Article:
Vodafone has taken issue with a claim by the Australian Competition and Consumer Commission (ACCC) that there is healthy competition in the Australian telecommunications market, as evidenced by a reduction, on average, of the prices paid by consumers for telecommunications services of 2.7 percent in real terms in 2013-14.
ACCC chairman, Rod Sims, said. “Competition is driving substantive reductions in the price of telecommunications services, significant infrastructure investment to improve the quality and coverage of services, and technological innovation. Consumers are seeing lower prices and improved services as a result of the vigorous competition that began in the 1990s.”
As further evidence of the health of the competitive telecommunications market, the ACCC said that the average real prices of landline and mobile voice calls had fallen by around 50 percent since 1997-98.
However the statements, made on the occasion of the tabling in Federal Parliament of the ACCC's annual telecommunications reports for 2013-14, provoked an immediate response from Australia's smallest mobile network operator, Vodafone.
Vodafone's general manager of industry strategy and policy, Matthew Lobb, was reported in industry newsletter, Communications Day , saying: “We do not agree that all is well in the state of competition in the Australian telecommunications market. “In particular, we are concerned customers are not being given an accurate analysis of fixed line pricing by the ACCC. The ACCC's analysis is out of step with OECD analysis which demonstrates Australia faces some of the highest prices amongst member states.”
The ACCC said that, in 2013-14, price competition had started to pick up after remaining subdued for the previous few years, and in particular 2013-14 price reductions exceeded those for the prior year. "In 2013−14 average real prices paid for fixed voice services declined by 5.2 percent. Thiswas significantly more than the decline in 2012−13 of 3.2 percent.Retail basic accessprices (ie line rental) declined by 3.4 percent, more than reversing a modest increase of 0.7 percent during 2012−13. Prices decreased across all calling services, with local calls declining 3.2 percent and national long-distance calls by one percent. Significant reductionsoccurred in international calls and fixed-to-mobile calls (24.9 and 10.6 percent respectively)."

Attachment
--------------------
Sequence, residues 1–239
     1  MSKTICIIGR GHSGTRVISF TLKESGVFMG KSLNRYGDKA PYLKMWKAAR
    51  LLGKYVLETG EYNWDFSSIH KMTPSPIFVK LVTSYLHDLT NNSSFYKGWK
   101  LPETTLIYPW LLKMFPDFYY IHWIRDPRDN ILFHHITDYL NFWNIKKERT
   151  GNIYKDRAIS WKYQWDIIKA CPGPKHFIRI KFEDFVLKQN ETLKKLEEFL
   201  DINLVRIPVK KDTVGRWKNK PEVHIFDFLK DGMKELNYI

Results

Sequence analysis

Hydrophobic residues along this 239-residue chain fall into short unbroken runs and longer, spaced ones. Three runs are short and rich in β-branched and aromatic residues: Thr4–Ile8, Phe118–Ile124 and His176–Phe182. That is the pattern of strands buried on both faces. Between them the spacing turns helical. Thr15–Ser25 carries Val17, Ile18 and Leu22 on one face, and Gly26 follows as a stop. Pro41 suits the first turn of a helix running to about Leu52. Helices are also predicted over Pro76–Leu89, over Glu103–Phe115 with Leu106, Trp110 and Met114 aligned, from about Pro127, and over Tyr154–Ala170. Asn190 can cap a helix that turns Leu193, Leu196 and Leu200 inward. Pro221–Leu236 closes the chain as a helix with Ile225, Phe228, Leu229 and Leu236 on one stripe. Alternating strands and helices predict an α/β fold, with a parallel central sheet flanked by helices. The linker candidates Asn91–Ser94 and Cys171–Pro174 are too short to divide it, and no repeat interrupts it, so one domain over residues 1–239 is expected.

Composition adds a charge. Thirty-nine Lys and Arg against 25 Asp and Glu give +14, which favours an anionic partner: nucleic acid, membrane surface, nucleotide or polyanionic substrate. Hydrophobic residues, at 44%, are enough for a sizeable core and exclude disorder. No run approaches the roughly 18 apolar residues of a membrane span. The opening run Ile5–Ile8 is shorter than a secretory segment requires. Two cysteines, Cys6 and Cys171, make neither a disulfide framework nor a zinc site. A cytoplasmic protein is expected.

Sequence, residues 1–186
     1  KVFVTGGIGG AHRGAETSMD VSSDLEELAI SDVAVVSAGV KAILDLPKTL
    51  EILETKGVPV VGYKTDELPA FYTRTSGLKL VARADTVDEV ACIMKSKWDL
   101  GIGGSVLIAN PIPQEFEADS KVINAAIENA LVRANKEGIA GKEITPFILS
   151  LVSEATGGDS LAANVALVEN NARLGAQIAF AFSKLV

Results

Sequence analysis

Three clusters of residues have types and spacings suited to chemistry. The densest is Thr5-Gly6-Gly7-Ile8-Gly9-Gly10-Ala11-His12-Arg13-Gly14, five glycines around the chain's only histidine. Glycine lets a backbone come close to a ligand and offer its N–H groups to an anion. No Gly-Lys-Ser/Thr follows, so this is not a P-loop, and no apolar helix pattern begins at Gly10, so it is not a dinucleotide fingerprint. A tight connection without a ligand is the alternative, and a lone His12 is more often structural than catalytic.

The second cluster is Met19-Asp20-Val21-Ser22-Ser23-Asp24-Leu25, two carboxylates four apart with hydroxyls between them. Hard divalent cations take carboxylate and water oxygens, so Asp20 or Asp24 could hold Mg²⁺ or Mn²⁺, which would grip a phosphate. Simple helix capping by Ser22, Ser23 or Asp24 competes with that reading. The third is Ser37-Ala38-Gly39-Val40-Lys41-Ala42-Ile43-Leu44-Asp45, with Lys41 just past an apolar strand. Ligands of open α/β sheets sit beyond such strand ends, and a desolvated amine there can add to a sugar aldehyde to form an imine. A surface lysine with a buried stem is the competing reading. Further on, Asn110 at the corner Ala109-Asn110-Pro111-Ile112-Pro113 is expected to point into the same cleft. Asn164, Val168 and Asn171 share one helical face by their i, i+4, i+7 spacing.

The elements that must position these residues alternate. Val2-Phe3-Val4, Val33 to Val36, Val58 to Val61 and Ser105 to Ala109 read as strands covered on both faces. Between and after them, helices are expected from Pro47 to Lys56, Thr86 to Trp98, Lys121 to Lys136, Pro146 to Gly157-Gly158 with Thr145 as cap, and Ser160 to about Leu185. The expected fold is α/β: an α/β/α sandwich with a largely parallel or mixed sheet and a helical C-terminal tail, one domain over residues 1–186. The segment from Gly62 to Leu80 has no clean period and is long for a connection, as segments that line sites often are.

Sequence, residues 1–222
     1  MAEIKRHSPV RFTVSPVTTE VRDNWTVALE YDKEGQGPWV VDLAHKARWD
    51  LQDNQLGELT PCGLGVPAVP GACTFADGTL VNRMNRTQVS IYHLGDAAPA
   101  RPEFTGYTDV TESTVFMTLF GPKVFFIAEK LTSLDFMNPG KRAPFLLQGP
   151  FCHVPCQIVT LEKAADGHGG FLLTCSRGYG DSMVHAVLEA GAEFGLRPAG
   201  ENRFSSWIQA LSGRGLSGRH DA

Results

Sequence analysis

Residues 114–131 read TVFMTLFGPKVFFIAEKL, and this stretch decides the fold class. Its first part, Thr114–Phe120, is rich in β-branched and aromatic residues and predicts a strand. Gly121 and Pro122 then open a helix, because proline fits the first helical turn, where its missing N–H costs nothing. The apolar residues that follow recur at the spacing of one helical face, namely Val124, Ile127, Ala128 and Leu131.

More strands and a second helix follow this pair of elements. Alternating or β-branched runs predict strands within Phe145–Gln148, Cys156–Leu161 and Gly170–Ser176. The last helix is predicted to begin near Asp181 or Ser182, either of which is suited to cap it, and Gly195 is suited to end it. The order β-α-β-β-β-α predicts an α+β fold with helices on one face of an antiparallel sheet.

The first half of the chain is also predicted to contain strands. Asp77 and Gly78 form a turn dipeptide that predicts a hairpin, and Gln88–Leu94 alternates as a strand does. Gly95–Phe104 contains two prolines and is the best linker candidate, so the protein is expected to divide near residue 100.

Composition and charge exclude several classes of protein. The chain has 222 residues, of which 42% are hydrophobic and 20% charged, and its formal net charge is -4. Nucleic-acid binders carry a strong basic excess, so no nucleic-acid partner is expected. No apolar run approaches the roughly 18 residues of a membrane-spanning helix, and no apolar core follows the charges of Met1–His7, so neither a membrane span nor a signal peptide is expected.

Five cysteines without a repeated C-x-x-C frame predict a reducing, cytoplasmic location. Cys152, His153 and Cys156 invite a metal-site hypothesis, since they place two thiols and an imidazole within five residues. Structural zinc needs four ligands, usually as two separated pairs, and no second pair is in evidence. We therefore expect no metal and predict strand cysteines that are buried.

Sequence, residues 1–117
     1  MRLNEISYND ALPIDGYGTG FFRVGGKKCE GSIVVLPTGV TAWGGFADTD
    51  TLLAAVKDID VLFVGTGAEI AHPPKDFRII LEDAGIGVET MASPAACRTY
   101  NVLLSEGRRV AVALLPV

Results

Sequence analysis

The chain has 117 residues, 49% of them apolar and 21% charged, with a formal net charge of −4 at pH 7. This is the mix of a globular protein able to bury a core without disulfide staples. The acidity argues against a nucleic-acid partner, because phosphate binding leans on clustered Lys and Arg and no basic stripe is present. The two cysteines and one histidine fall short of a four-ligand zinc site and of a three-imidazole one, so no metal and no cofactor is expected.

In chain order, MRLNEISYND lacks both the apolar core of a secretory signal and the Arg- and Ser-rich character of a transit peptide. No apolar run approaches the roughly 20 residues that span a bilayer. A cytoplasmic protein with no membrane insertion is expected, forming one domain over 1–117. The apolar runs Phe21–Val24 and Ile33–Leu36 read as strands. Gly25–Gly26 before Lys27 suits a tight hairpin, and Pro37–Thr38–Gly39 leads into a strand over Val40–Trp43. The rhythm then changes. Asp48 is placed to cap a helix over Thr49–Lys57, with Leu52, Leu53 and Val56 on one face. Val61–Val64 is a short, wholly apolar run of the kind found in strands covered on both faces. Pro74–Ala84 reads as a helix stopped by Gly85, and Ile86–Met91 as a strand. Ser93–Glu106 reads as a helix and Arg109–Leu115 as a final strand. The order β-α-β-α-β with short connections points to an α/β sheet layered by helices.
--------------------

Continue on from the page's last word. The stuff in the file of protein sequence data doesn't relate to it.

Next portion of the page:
It added: "The average real price paid for all types of Internet services fell by 2.2 percent during 2013−14. This is significantly greater than the 0.9 percent reduction in 2012−13."
In further support of its claims for the competitiveness of the market, the ACCC said: "Aside from headline price competition, data inclusions in broadband plans are a key point of competition in the fixed broadband market. Over the past year, and consistent with long term trends, retail broadband plans are providing greater data allowances at a given price point. There are also increasing numbers of plans available at lower prices with ‘unlimited' downloads. Broadband plans with no minimum term are also increasingly being offered."
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